(This article first appeared in Tikkun Magazine, Winter 2011)
Workers at Ohio Cooperative Solar (left) and Evergreen Laundry take part in a strategy to capture ever-greater shares of spending in health, energy, and other key sectors for an integrated, large-scale network of worker-owned businesses. PHOTOS: JANET CENTURY.
by Gar Alperovitz
We are entering one of the greatest long-term crises in American history, one that could potentially lead to a breakdown and radical move to the right. Traditional liberalism is stalemated in many areas and limited in others to reducing the pain whenever possible. War continues. The era is unusual; economic stagnation is present, yes, but Depression-style crisis, the kind that may generate a quick response, does not appear likely. Proudhon once wrote: “Decay, decay … All the traditions are worn out, all the creeds abolished but the new program is not yet ready….This is the cruelest moment in the life of societies.”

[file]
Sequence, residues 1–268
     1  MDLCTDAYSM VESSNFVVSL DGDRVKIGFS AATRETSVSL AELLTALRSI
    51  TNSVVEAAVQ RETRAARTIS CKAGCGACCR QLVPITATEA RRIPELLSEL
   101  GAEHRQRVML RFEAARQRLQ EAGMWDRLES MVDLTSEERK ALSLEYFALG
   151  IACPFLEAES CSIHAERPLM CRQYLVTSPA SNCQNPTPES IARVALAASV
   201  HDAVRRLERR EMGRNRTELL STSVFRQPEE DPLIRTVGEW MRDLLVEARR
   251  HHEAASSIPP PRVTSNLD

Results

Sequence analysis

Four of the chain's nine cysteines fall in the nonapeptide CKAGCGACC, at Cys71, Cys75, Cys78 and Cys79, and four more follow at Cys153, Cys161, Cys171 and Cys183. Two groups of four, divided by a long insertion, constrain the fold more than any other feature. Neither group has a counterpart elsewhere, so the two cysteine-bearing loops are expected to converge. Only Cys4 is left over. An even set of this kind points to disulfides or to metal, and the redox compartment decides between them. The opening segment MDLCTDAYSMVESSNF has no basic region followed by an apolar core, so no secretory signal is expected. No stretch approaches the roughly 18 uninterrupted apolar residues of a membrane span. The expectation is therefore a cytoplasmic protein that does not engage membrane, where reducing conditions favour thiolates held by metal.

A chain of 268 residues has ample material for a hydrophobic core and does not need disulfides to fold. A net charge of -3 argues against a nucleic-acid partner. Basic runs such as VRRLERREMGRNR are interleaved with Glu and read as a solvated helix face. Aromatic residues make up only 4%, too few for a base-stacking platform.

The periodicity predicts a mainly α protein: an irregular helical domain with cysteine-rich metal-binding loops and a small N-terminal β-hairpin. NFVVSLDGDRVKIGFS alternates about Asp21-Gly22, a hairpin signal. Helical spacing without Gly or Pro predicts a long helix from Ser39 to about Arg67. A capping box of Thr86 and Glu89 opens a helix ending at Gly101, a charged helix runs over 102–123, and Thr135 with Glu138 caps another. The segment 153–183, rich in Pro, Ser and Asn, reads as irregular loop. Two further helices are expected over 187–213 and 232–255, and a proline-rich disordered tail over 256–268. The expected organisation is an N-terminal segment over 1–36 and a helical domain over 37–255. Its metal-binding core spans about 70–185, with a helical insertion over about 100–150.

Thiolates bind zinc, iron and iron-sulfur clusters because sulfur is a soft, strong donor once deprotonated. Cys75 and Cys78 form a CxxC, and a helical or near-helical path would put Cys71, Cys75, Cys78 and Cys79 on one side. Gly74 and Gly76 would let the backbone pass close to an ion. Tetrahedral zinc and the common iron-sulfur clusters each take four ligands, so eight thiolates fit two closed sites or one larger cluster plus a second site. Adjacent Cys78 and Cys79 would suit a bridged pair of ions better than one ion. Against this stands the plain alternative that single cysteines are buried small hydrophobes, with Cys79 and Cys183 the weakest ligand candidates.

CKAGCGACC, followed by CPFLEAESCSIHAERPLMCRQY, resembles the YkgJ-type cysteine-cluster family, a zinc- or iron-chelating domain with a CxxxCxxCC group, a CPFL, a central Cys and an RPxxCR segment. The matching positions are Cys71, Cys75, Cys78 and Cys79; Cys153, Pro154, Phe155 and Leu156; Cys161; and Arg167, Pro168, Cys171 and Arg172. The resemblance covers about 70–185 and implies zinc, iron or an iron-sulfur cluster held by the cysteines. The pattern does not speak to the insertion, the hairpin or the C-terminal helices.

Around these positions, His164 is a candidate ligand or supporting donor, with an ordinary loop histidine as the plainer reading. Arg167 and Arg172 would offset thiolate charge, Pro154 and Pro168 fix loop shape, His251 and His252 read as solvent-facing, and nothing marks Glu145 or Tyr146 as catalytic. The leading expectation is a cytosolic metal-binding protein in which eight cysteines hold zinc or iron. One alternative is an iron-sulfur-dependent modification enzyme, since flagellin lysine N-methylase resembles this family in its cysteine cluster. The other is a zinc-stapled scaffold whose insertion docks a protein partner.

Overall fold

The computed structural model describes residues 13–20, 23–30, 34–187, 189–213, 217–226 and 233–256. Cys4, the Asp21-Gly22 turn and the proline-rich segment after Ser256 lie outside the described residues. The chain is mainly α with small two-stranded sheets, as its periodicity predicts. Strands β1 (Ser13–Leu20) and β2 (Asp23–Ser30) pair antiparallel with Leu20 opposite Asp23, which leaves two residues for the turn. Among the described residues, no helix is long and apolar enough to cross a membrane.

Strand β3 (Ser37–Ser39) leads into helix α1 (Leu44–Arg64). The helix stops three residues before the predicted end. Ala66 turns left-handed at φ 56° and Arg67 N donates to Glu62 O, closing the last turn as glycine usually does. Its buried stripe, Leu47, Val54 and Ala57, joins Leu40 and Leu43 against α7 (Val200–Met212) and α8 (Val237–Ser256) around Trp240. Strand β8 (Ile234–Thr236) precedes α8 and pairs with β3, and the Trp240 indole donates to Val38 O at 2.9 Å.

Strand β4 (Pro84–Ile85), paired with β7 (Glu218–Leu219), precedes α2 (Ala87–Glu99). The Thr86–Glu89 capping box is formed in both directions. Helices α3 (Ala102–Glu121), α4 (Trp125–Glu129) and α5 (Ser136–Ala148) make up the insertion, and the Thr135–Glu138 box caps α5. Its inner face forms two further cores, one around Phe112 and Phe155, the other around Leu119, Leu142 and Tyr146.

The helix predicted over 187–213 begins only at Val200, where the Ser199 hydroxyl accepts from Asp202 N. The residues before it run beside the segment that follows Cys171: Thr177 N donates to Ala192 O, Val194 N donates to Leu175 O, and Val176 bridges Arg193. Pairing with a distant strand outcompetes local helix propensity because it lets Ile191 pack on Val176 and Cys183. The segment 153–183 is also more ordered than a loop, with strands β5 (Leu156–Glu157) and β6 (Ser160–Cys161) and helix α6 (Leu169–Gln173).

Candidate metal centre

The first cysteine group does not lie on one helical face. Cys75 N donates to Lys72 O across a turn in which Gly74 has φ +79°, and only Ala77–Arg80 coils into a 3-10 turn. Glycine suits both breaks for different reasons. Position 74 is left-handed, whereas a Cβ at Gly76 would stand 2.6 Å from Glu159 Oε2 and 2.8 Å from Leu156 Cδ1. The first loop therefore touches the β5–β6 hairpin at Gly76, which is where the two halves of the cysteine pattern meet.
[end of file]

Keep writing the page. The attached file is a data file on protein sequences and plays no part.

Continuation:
My own work has been a long, long attempt to answer two questions: First, “If you don’t like corporate capitalism and you don’t like state socialism, what do you want?” Second, “And how can we get from here to there?” In part following Martin Buber, in part following teachers like William Appleman Williams and Joan Robinson, my answers — in books and in projects — have aimed at an “evolutionary reconstructive” approach, starting in the here and now, to rebuild and democratize in very practical ways the ownership and nature of the economy, from the bottom up. My hope is that some of these ideas, and some of these projects, may contribute to a broader movement-building politics that can take us past the dead ends we now face.